Earlier this year, in the hot summer streets of Tbilisi, a crowd of sausage wielding men descended on a vegan café. Fillets were thrown, chops brandished. Whilst the men had an overt political motivation to their actions – they were members of a far-right group, who objected to the liberal minded patrons of the café – there was also a more nuanced incentive; they were red blooded Georgian men, here to exhibit their masculinity and virility in the face of the root eating vegans. The image is amusing, sinister, disconcerting.
Before this tale was recounted to me by a Canadian expat in Tbilisi, I had never interrogated the gendering of food. Yes, I’d always noticed that when out for a meal with my 6ft2 vegetarian boyfriend, the waiters would always assume the medium-rare steak was for him, the risotto for me. But I’d never thought any further. When I did, I found the ingrained gender norms around our food culture were astonishing.
It’s insidious in language. Phrases such as ‘bringing home the bacon’ and ‘beefing up’ are demonstrative of power, whilst being in a ‘vegetative state’ symbolises a total lack of agency. It’s insidious in marketing. Think fast food chain adverts – Burger King’s ‘I’m a Real Man’ being the classic example, Carl’s Jr’s ‘Man Up’ a more recent illustration – and contrast that to yoghurt commercials. It’s pervasive in food literature, as exemplified by Fierstein’s satirical ‘Real Men Don’t Quiche’ and Esquire’s recipe book ‘Eat like a Man’. Even in Games of Thrones, Daenerys has to eat a raw horse heart in order to be accepted as a true leader; in this visceral scene, blood smeared across her face, the consumption and digestion of raw meat symbolises raw strength. Would her actions have had the same impact if she’d ripped into a mango/quiche/bean stew? I think not.
In essence, to eat meat is to be assertive, dominant and masculine. To be vegetarian is to be soft, emotional, weak.
This has lead to complex debates in feminist circles as to whether it is possible to be both a feminist and a meat eater. In Carol Adam’s book ‘The Sexual Politics of Meat’, she argues that in a patriarchal, carnivorous society, both women and animals lose their subjectivity. Eating meat objectifies animals and the ownership of the body is lost – think of the lost apostrophe in ‘chicken(‘s?) breast – in the same way that women are objectified.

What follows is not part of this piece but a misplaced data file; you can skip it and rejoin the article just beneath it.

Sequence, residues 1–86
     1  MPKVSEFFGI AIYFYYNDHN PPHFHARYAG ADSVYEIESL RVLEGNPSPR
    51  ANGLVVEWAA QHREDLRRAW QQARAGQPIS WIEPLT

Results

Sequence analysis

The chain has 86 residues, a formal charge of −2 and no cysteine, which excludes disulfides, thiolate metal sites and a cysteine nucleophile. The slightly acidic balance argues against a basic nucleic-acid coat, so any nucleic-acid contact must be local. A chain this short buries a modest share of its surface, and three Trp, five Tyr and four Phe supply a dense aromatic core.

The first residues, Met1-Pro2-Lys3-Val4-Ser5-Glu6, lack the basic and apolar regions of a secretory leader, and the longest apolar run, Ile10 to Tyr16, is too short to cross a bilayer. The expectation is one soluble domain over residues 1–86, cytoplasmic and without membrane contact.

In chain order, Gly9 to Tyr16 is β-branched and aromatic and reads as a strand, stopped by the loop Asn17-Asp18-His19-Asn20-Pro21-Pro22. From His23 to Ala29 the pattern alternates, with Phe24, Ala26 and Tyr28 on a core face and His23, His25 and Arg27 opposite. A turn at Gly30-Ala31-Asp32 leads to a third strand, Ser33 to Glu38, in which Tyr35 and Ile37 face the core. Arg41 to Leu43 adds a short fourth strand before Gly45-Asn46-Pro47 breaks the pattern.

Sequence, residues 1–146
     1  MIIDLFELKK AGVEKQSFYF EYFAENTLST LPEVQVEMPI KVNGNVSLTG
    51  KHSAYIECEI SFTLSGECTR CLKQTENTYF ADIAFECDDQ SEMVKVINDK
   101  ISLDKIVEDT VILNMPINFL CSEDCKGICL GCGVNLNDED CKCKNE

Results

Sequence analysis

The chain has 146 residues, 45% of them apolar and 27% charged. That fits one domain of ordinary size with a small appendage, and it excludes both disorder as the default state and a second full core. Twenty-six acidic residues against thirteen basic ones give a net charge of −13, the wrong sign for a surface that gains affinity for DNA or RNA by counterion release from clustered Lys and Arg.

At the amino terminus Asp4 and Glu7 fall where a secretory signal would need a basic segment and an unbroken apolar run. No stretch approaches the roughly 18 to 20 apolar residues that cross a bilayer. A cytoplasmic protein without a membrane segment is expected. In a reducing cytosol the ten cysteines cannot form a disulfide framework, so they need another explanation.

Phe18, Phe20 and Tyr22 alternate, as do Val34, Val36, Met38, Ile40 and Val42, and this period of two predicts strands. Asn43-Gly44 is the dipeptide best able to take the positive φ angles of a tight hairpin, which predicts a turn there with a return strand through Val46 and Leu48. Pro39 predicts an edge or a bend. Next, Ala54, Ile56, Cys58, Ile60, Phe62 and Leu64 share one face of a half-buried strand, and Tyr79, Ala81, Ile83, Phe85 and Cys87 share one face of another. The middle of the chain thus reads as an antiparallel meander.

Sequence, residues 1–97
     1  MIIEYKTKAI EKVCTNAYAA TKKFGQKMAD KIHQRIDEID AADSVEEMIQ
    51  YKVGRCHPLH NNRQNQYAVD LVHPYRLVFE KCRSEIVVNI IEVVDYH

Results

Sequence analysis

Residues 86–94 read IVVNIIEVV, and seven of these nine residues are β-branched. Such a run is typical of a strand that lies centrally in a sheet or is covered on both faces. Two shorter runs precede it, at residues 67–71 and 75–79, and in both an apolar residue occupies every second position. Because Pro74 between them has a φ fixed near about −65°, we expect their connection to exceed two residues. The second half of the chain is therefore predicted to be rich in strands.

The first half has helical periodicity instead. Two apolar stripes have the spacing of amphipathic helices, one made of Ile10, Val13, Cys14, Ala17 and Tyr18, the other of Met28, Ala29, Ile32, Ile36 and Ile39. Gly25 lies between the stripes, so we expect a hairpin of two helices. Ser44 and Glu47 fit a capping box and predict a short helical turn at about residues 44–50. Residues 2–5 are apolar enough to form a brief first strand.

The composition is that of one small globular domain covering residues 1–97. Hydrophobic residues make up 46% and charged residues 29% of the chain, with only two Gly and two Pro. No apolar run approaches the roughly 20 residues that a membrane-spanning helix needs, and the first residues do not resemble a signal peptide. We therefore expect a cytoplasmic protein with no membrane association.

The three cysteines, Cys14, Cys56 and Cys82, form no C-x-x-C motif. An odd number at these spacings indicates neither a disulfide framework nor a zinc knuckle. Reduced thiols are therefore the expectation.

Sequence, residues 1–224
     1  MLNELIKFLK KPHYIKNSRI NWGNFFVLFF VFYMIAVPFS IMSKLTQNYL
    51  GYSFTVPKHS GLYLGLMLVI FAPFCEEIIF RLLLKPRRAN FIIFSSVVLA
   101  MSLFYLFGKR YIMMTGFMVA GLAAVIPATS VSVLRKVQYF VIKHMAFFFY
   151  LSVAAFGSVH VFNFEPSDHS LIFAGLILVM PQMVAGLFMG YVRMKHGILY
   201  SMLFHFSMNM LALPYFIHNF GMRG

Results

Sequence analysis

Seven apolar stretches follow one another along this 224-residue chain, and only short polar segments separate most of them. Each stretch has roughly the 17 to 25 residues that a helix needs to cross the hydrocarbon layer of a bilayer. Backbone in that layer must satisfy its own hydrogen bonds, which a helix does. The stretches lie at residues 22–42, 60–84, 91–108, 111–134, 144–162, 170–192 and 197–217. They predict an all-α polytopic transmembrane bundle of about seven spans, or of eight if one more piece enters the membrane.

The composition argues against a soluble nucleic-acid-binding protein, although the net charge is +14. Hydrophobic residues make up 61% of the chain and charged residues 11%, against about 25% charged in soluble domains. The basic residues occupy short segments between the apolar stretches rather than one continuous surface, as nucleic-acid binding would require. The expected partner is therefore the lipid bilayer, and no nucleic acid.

The debate surrounding this is fascinating and multifaceted, but as a now 90% vegetarian and self-proclaimed environmentalist, what is of primary concern to me is how to decrease meat consumption for the sake of the environment. As quick sound bites, a widespread adoption of the vegetarian diet would reduce global food-related emissions by 63% and the carbon footprint of a vegetarian is half that of a meat eater. But whilst these statistics point to a strong case for decreasing meat consumption, this isn’t about forcing people to act; it is about allowing them to make those choices without fear of gender related reprisals.
How to convince those men for whom eating meat is an integral part of their masculinity? Or for those who would like to move away from eating meat, but fear the retribution of others who would see them as ‘less masculine’ as a result? Although it seems insulting to men that their masculinity is considered by some to be tied up with eating a hamburger, these can be genuine concerns – indeed, a study recently conducted at UBC found that even among women and non-meat eaters, men who were vegetarian were considered ‘less manly’.
As a feminist, how to galvanise a shift to a less meat intense diet poses difficult questions. Is the best path to convince men by using the dominant gender paradigm, a strategy chosen by PETA and their marketing of veganism? Their latest advert – which was considered too steamy to be shown at this year’s Superbowl – compares the libido of a meat eater to that of a vegan; whilst the meat eater has had his post sex shower, dressed and left, the vegan is still hot and sweaty between the sheets. In a similar vein, the ‘latest craze’ in New York is the bleeding veggie burger; a great option for those who don’t want to eat meat but miss the experience, or merely subtly replicating the feeling of power and dominance. Is bowing to meaty, masculine stereotypes passive or pragmatic?
In an ideal scenario, of course, the link between food and gender would be totally debunked. Men would eat yoghurt and quiche and no-one would care. But the associations between meat and masculinity are long standing and whilst they are changing, I’m not sure the planet has time to wait for food to become gender neutral. It’s a numbers game; the more men that reduce meat in their diet – even if incentivized by notions of increased virility and bleeding veggie burgers – the less linked it will become to masculine norms. And, for now, that seems like the most effective option for the planet.
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